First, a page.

Dark, violent masterpiece with hints of macabre and black humor. This is how I can best describe "Bring Me the Head of Alfredo Garcia". It's the story of a drunken lounge piano player who agrees to be hired as a bounty hunter to retrieve and deliver the head of Alfredo Garcia, a playboy who impregnated the daugther of a wealthy and powerful Mexican. The film features a unique cinematography of the beautiful sun-baked country of Mexico. The action sequences are perfectly photographed, as one could expect from a director like Peckinpah. If you can get your hands on this one don't think twice, you will certainly enjoy it. All in all this film is a memorable classic that should not be missed especially by Peckinpah fans. Highly Recommended.
½ February 12, 2014
Sam Peckinpah's masterpiece and most personal movie reflects a unique touch and style of cinema. Warren Oates acting is pitch perfect in all parts and the scenes of him and his girlfriend under the tree is one of the most touching scenes in 1970's movies. The action is so well directed and brutally perfect. The use of slow motion is also a great stylistic touch.
January 18, 2014
Heard about for years, finally watched it, and thoroughly enjoyed. It's hard not to enjoy a film where gunfights occur in slow motion...especially when directed by Sam Peckinpah.
Super Reviewer
January 3, 2014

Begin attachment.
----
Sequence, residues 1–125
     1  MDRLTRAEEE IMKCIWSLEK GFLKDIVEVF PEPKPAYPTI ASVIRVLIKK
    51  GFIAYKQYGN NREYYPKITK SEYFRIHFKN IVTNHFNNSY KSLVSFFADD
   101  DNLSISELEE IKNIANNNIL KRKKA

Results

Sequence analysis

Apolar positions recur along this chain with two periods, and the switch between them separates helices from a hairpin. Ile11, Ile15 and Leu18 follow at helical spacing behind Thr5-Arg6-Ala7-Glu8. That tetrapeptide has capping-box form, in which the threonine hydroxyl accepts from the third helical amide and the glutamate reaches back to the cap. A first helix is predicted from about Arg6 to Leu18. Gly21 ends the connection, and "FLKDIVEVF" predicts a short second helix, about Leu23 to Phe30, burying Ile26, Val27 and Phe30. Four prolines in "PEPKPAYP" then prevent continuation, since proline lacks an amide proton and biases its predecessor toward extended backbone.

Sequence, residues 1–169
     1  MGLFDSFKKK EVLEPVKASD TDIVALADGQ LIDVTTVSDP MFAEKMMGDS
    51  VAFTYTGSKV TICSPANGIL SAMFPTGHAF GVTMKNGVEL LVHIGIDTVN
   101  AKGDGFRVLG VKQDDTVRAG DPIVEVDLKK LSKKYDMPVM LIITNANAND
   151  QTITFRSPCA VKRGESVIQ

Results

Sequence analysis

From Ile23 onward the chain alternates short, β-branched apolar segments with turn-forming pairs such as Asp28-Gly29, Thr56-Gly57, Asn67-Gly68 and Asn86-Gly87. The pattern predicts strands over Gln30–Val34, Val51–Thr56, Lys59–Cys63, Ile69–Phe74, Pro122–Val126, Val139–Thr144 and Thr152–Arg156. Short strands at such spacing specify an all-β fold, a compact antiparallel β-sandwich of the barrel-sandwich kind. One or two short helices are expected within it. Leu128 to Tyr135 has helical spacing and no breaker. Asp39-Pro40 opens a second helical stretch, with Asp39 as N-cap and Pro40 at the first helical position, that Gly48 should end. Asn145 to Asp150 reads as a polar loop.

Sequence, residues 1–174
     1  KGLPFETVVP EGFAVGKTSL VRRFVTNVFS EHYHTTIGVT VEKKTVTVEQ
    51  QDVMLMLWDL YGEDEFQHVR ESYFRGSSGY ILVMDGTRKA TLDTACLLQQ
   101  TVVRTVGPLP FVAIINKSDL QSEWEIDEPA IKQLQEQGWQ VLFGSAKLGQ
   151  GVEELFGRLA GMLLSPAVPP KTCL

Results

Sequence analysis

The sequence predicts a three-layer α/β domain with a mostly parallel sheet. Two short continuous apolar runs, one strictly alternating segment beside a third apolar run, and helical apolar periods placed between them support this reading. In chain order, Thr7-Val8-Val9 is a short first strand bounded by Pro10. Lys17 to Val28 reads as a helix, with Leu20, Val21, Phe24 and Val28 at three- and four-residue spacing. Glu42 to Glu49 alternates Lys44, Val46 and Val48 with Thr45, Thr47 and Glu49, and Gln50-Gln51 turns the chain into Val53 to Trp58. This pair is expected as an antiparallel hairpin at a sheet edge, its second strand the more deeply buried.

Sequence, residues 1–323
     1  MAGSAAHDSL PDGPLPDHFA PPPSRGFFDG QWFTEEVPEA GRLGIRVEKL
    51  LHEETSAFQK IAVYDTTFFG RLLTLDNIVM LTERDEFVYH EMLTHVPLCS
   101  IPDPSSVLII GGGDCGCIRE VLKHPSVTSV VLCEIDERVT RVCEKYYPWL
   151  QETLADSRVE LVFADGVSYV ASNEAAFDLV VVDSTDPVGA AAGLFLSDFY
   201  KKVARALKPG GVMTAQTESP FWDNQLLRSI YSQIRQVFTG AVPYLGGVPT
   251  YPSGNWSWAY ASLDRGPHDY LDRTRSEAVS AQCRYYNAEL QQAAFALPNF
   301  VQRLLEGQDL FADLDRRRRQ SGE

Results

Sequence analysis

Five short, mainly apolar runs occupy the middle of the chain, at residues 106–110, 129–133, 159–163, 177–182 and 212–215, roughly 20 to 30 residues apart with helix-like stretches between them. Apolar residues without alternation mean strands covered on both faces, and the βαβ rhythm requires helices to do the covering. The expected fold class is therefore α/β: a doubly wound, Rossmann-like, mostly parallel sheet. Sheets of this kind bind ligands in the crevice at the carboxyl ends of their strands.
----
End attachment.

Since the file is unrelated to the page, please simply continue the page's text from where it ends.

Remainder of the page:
Sam Peckinpah's next to last real masterpiece was also the film that nearly destroy his career as one of Hollywood's most maverick filmmakers both personally and professionally. "Bring Me The Head of Alfredo Garcia" was a major flop upon its original release on August 14, 1974. "Alfredo Garcia" was made while the "Straw Dogs" and "The Wild Bunch" director was debilitated by excessive drug usuge and alcoholism. The film's central frank and controversial subject matter of its strong graphic scenes of explicit violence throughout not to mention strong language and brief nudity were perceived as misogyny,but to this day has a strong cult following in one of the risque' films ever made despite given its black comedy and existential storyline that has been duplicated numerous times in many movies. In the most astounding best performance of his career,the great character Warren Oates(who also starred in Peckinpah's "The Wild Bunch",but his resume follows a long list of classics including "In The Heat Of The Night" as one of the most diverse actors of his generation)as an alcoholic piano player who takes his prostitute girlfriend on a road trip through the seedy and dangerous Mexican underworld to collect a huge payday only to be have the titular noggin of the notorious drug lord calling for his reward. Oates and his girlfriend are on the run from the two notorious hencemen(Robert Webber and Gig Young)out to get them not to mention coming to a violent cilmax with the drug lord and the million dollar bounty. Oates literally takes advantage with the head of the dismembered body(in a brown sack) as he seeks vengeance for what he has lost in the quest. It's one of the purest distillations of Peckinpah's nihilistic vision,along with a rare supporting turn from Mexican-American actress Isela Vega as Oates' victimized girlfriend of a prostitute. It may not be out of the best films of 1974,but with some of its action scenes and violent content,it's worth taking a second look.